After just a handful of migrant crossings here in the first half of this year, the number “exploded” in September, with 420 asylum seekers pedaling into northern Norway at Storskog, said Stein Kristian Hansen, the police superintendent in charge of the Norwegian border post. Last week alone more than 200 arrived via the Arctic route — a tiny number compared to the thousands arriving daily in Greece and Italy, but a record here.
Many of the arrivals, Mr. Hansen said, seemed to have little idea where they were exactly and had bought no warm clothes. But, encouraged by a flurry of reports on social media about how well Norway treats refugees, they rushed through Russia to reach Europe’s northernmost frontier. It is not snowing here yet, but temperatures have already dipped close to freezing.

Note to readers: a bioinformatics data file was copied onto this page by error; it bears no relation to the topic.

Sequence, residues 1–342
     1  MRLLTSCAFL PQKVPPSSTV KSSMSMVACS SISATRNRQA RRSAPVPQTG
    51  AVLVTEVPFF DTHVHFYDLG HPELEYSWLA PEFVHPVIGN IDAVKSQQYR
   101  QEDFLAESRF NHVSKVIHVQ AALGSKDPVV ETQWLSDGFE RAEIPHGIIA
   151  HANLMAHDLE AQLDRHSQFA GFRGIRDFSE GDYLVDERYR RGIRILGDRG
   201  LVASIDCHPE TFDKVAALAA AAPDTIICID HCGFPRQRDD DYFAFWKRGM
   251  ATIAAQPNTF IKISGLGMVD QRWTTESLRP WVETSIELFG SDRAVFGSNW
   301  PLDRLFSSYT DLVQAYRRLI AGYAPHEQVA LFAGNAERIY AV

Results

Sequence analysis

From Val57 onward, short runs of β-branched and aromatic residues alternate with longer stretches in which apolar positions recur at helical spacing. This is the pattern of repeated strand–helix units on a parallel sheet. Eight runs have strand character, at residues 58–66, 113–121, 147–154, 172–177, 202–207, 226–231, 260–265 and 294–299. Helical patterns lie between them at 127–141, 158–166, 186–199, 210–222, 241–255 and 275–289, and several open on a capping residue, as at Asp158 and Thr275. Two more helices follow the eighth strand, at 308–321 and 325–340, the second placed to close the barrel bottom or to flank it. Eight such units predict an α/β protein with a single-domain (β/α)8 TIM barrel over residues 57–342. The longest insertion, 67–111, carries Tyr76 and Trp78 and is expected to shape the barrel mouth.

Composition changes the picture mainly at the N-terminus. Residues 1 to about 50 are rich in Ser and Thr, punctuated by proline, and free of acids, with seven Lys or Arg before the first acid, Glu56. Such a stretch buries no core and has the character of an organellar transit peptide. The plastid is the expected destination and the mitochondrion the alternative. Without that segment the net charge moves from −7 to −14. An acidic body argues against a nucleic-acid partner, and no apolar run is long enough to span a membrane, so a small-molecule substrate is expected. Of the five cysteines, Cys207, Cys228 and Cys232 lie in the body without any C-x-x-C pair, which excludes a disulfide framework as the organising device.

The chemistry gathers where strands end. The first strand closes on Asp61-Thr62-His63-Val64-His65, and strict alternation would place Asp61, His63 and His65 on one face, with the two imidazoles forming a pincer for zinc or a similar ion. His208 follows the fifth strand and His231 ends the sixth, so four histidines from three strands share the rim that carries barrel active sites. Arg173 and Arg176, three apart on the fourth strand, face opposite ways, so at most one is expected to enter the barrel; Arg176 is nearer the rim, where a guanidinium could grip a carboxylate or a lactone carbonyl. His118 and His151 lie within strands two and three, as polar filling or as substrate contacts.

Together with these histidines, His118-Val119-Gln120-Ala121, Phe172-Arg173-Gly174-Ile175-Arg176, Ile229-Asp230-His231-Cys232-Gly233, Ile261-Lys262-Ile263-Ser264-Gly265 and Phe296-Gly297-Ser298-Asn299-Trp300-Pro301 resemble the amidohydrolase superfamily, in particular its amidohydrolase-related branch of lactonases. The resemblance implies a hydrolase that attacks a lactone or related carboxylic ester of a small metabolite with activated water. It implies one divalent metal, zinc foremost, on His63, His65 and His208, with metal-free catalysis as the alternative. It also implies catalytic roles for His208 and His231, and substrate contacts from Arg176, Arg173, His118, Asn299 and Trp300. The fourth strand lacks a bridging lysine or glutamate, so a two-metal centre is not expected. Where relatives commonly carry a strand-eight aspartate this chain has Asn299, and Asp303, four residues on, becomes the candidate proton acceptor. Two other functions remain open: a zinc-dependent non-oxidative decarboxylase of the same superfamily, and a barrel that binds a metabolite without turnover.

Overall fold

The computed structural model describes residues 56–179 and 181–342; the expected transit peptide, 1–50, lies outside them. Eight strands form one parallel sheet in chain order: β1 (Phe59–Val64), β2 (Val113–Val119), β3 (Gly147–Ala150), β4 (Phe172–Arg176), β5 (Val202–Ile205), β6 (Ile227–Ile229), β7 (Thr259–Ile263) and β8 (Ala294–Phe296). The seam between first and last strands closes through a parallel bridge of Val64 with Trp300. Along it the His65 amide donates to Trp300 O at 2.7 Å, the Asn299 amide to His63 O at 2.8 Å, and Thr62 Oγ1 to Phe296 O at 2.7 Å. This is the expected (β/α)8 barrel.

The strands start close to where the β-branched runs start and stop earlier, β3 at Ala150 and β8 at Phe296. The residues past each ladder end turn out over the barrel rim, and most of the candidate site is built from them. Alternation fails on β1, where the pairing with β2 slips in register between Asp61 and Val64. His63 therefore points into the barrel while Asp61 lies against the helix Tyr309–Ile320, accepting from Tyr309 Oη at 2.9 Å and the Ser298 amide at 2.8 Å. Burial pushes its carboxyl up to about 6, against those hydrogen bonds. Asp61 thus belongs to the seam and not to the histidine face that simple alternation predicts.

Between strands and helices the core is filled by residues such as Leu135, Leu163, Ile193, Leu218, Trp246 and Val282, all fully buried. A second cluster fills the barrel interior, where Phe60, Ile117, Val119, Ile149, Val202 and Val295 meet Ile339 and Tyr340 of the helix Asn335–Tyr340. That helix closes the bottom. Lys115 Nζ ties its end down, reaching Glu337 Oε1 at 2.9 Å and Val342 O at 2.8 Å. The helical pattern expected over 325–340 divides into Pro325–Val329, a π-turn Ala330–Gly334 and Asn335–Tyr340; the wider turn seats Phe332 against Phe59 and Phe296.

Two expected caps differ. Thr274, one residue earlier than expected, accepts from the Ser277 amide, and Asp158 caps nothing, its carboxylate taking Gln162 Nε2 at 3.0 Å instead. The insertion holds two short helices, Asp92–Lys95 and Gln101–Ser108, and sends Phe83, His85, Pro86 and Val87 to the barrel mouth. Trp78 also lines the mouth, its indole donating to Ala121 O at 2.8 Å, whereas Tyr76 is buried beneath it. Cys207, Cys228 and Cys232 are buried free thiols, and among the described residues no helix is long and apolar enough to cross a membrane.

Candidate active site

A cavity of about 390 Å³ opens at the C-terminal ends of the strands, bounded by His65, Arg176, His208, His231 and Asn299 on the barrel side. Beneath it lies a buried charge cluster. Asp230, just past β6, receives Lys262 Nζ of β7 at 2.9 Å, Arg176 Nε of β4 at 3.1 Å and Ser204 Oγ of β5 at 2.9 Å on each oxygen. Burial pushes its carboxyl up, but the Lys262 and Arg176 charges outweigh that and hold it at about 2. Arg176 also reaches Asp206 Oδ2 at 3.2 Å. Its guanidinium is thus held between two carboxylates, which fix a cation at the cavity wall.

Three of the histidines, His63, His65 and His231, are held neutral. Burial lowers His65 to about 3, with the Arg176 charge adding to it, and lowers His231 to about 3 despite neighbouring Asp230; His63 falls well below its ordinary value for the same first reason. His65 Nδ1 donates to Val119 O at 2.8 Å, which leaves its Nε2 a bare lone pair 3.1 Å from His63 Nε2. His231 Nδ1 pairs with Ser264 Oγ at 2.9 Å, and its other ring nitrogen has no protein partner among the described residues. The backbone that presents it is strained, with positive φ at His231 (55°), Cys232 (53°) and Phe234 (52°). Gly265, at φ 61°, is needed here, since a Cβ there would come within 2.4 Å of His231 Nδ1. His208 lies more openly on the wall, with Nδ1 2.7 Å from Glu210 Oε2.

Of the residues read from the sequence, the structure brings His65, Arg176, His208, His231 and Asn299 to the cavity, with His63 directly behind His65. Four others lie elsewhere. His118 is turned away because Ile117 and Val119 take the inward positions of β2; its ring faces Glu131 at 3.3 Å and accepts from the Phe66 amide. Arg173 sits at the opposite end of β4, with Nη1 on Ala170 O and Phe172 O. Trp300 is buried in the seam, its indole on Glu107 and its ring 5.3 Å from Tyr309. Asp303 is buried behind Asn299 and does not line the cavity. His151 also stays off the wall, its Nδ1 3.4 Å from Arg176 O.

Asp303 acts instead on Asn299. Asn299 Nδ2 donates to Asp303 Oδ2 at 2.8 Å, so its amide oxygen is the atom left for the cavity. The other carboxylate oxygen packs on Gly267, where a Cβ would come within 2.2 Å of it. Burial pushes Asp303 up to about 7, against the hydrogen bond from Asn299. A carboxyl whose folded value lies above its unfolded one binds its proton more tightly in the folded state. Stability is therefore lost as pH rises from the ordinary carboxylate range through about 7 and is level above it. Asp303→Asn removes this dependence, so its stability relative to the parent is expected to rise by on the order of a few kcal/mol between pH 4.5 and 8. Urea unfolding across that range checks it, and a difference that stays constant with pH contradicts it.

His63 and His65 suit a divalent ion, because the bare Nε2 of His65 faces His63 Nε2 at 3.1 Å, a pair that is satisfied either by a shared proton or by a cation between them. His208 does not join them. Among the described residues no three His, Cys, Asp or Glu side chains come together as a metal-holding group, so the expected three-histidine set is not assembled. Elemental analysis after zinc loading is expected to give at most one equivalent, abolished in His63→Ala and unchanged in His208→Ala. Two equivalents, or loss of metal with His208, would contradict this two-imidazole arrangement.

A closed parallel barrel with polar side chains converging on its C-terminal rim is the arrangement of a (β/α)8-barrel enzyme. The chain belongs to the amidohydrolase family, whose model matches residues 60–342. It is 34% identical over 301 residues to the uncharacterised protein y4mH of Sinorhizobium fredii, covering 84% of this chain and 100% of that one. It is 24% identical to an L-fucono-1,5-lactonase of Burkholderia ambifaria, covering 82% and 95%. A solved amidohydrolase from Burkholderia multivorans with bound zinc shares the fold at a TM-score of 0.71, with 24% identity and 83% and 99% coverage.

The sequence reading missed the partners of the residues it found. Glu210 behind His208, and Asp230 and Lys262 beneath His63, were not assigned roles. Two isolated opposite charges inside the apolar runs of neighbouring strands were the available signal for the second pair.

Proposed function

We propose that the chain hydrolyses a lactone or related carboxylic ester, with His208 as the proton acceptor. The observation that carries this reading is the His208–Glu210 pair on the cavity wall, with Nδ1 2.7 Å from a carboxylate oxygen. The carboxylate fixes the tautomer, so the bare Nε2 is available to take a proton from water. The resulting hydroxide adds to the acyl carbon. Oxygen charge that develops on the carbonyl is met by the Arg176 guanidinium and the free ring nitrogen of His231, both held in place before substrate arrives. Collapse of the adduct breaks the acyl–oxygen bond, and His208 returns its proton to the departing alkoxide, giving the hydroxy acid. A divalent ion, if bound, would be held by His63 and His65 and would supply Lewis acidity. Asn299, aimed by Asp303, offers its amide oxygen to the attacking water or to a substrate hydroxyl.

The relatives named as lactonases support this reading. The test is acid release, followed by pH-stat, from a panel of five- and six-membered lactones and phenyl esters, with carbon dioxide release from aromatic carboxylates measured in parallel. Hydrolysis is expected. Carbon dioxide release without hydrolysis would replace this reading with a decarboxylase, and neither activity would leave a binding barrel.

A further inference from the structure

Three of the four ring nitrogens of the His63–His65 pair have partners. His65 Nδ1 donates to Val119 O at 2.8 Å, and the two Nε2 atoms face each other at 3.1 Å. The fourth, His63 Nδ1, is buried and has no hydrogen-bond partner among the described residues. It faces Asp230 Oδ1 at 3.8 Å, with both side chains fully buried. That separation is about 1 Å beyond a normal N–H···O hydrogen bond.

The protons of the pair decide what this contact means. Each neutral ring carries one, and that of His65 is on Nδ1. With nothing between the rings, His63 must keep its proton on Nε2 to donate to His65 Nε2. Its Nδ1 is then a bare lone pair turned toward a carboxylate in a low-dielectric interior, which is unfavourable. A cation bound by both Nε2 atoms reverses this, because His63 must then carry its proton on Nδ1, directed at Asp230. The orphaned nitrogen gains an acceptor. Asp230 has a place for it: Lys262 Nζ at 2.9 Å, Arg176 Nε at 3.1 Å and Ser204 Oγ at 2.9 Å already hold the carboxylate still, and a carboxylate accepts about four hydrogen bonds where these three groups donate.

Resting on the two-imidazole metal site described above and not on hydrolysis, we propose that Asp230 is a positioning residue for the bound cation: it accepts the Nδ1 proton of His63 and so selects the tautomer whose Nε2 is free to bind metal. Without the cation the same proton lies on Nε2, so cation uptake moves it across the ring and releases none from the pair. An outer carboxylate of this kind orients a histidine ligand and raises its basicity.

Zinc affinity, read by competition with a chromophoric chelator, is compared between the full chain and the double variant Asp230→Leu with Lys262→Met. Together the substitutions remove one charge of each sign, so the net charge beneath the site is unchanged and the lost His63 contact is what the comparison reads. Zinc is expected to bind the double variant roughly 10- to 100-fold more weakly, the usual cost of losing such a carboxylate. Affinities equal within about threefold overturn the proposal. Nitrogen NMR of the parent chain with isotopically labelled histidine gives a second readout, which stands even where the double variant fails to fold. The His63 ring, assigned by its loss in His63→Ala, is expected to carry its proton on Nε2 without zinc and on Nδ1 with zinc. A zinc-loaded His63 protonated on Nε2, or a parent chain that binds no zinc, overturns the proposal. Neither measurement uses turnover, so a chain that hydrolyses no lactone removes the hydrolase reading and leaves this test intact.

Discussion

“The next stop is the North Pole,” Mr. Hansen said of the town’s remoteness.
Some of them, including Mr. Arslanuk, are Russian-speaking Syrians who were already living in Russia and see the border with Norway as a path to a better life at a time when Syrian citizenship generally confers refugee status in Europe. Others, having heard of the new route into Europe, are traveling through Russia to the border rather than taking the more established but riskier paths.
A 21-year-old Syrian woman who gave only her first name, Dana, said her father, mother and brother had made it to Germany this summer through the Balkans and had sent horrific reports of their journey to Greece from Turkey. The Arctic, she decided, was easier.